Main Street workshop set for Tuesday night
WORTHINGTON — The Preservation Alliance of Minnesota, sponsored by the Minnesota National Trust for Historic Preservation, is hosting a Considering Main Street workshop from 5 to 8 p.m. Tuesday at BenLee’s Café, 212 10th St.
The Preservation Alliance of Minnesota provides participating local Main Street programs with the training, tools, information and networking they need to begin and to be successful in their downtown revitalization efforts.
“This is an important and major first step for Worthington possibly making a commitment to the program and improving ‘Main Street’ in Worthington,” Minnesota Main Street Coordinator Emily Northby said.
Worthington Director of Community and Economic Development Brad Chapulis explained how the program would not only help downtown, but the whole community.
“Our downtown is our core and without that core we wouldn’t exist,” Chapulis said. “This will establish the mindset and the method for the community to try and strengthen and preserve downtown.”
The first Minnesota Main Street program was founded in 1981, and remained active for more than a decade. Although the state program was eventually defunded, many local Main Street programs had already been established and demand for Main Street services remained.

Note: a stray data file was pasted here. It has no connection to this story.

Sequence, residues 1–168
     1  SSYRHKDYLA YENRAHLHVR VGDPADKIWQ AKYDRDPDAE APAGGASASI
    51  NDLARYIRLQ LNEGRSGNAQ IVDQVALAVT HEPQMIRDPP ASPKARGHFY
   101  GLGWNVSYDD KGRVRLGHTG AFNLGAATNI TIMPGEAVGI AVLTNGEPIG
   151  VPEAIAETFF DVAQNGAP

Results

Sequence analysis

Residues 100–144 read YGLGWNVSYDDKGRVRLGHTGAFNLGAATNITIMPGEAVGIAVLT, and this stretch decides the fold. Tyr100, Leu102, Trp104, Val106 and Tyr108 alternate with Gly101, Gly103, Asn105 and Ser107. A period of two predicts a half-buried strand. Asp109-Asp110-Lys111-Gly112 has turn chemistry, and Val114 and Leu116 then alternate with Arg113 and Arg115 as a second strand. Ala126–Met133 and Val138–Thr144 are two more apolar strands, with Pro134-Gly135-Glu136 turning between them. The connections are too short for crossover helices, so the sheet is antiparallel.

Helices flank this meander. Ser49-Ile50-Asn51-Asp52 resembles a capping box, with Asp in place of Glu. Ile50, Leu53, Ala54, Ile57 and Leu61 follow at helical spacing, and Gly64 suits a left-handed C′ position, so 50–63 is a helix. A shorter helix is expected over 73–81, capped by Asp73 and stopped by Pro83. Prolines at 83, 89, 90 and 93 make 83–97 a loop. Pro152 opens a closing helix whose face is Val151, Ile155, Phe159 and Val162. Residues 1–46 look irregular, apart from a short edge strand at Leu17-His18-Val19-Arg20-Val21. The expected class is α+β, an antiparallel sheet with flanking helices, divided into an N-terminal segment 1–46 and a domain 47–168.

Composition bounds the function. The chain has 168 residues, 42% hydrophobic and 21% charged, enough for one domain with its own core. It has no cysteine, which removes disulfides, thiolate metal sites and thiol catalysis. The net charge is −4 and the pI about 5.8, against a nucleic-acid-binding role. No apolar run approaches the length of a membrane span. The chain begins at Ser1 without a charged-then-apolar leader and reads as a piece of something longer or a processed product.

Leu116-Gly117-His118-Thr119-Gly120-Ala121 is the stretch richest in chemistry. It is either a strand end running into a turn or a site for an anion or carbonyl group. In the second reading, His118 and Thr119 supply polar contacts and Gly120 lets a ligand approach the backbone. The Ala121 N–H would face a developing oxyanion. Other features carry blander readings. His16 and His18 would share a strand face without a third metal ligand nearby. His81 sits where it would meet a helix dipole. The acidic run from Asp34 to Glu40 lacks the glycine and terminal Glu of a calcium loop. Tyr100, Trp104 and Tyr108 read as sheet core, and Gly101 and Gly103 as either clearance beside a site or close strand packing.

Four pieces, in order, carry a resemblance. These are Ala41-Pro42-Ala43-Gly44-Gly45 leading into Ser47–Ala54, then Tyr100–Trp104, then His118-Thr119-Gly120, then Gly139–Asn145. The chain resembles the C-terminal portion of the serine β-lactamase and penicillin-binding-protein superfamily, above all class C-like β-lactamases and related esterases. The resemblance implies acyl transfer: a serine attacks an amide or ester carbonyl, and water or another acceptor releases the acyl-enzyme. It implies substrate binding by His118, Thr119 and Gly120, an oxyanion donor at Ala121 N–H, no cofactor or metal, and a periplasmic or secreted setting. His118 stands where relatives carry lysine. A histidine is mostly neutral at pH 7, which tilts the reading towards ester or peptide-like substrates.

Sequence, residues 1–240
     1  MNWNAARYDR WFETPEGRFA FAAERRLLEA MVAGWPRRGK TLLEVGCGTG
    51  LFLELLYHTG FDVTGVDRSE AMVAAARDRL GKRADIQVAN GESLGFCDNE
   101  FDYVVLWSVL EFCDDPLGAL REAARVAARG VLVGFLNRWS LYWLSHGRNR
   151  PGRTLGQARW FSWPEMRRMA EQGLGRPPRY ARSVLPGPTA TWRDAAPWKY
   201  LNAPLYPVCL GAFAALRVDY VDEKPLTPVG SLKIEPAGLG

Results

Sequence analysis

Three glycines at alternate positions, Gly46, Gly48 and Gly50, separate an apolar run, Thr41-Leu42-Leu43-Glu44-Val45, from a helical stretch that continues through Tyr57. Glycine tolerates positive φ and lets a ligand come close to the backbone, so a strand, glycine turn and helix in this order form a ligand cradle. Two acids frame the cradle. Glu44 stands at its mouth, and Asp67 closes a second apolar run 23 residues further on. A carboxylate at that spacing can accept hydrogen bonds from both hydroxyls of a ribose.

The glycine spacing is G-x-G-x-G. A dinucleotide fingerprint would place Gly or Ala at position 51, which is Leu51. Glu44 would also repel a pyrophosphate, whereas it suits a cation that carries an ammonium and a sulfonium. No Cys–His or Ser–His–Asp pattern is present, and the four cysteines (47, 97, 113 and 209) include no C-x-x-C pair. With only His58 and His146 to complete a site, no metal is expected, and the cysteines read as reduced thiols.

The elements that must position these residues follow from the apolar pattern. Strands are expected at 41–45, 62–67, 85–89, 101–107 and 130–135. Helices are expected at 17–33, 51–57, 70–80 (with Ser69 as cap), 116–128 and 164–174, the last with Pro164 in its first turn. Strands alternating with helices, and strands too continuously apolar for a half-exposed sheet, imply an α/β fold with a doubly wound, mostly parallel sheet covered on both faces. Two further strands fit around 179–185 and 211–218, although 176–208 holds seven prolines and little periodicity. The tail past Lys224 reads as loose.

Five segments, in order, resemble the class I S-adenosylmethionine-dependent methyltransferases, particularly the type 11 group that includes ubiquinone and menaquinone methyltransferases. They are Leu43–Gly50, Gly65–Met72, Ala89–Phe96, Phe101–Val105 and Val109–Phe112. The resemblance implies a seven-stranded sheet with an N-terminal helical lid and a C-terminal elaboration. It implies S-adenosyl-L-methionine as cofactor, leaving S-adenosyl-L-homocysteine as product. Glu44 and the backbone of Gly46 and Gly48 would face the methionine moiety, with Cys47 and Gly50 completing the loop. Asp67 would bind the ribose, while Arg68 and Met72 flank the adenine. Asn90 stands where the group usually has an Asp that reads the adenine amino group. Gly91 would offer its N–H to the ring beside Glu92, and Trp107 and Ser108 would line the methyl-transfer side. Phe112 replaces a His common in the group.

In 2007, several Minnesota communities rallied to once again form an official Main Street program. In 2010 the new statewide coordinating program, Minnesota Main Street, was born.
“I think this is a strong program, and they have been determined to rebuild ‘Main Street’ in Minnesota for decades,” Chapulis said.
The Main Street program uses a four-point approach to commercial district revitalization.
“We focus on design, which preserves local heritage and improves the physical environment of Main Street, economic restructuring, creating a healthy environment for business and developing economic growth, promotion — that is raising community awareness — and finally organization, to build a strong, local Main Street network and pool of resources,” Northby said.
In 2012, the Main Street program netted 21 new businesses and 77 additional full-time jobs. In those communities, the average population was 15,500. Faribault and Willmar are among the communities involved in the Main Street program.
“We really set up the application process to make sure communities are in it for the long haul, “Northby said. “Even if you have a great success, you still need to continue the work. Otherwise, you will just sink back in to where you once were.”
The workshop will consist of going through the benefits of the program, answering questions and making the public aware about what the program can ultimately do for the community.
“I think we can all work collectively and have a downtown and community that everyone envisions but is afraid to talk about,” Chapulis said.
The Main Street workshop is open to the public. For more information, visit www.mnpreservation.org.
Daily Globe Reporter
Erin Trester may be reached